The high priest questioned Jesus about his disciples and his teachings. Jesus answered, “I have spoken publicly to everyone; I have always taught in synagogues and in the Temple area where the whole Jewish people congregates. I have said nothing in secret. So why do you question me? Ask those who have heard me. Ask them what I said to them—they know what I said.”
when Jesus said this, one of the guards standing by slapped him and said, “Is this how you answer the high priest?”
“If I’ve said anything wrong, Jesus replied, “point it out; but if I’m right in what I said, why do you strike me?”
Then Annas sent him, still shackled, to Caiaphas the high priest.
Meanwhile, Simon Peter was still standing there warming himself. others asked him, “Aren’t you one of his disciples?”
But Peter denied it, saying, “I am not.”
One of the attendants of the high priest, a relative of the attendant whose ear Peter has severed, spoke up: Didn’t I see you in the garden with him?”
Again Peter denied it. At that moment a rooster crowed.
Reflection by Hillary Watson
Were you there
a virtual journey
Stations of the Cross
The stations of the cross are one way churches have invited people to journey with Jesus on Good Friday. They represent 14 moments from that day in visual form. Here the stations of the cross painted from 1958 to 1966 in New York City by Barnett Newman are shown along with the standard description of the stages of Jesus journey. One of the most interesting things about this series is Newman’s insistence that these are not 14 moments but one single moment stretched out over time. Newman’s artist’s statement is included here.
Use the right arrow on your computer, swipe, or click on the right of the image to advance to the next station.
Lema Sabachthani — why? Why did you forsake me? Why forsake me? To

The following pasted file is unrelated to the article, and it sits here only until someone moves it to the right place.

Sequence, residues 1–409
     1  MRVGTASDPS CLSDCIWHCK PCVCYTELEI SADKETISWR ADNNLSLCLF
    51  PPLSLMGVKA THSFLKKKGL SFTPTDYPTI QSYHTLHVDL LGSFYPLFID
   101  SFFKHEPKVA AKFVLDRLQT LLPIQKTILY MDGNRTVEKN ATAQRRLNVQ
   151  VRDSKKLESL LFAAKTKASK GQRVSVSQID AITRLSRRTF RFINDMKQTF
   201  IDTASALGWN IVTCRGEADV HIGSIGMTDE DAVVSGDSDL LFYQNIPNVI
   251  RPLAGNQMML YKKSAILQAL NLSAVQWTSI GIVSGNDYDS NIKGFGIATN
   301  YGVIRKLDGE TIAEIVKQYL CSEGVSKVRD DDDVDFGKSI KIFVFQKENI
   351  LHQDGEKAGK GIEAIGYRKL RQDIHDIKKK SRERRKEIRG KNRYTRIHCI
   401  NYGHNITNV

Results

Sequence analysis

what purpose? Why?
This is the Passion. This outcry of Jesus. Not the terrible walk up the Via Dolorosa,
but the question that has no answer.
This overwhelming question that does not complain, makes today’s talk of
alienation, as if alienation were a modern invention, an embarrassment. This question
that has no answer has been with us so long — since Jesus — since Abraham — since Adam
— the original question.
Lema? To what purpose — is the unanswerable question of human suffering.
Can the Passion be expressed by a series of anecdotes, by fourteen sentimental
illustrations? Do not the Stations tell of one event?
The first pilgrims walked the Via Dolorosa to identify themselves with the
original moment, not to reduce it to a pious legend; nor even to worship the story of
one man and his agony, but to stand witness to the story of each man’s agony; the agony
that is single, constant, unrelenting, willed — world without end.
“The ones who are born are to die
Against thy will art thou formed
Against thy will art thou born
Against thy will dost thou live
Against thy will die.”
Jesus surely heard these words from the “Pirke Abot”, “The Wisdom of the
No one gets anybody’s permission to be born. No one asks to live. Who can
say he has more permission than anybody else?
What wondrous love is this
“Radical Gratitude Spell,” adrienne maree brown
you are a miracle walking
i greet you with wonder
in a world which seeks to own
your joy and your imagination
you have chosen to be free,
every day, as a practice.
i can never know
the struggles you went through to get here,
but i know you have swum upstream
and at times it has been lonely
i want you to know
i honor the choices you made in solitude
and i honor the work you have done to
i honor your commitment to that which is
larger than yourself
and your journey
to love the particular container of life
that is you
you are enough
your work is enough
you are needed
your work is sacred
you are here
and i am grateful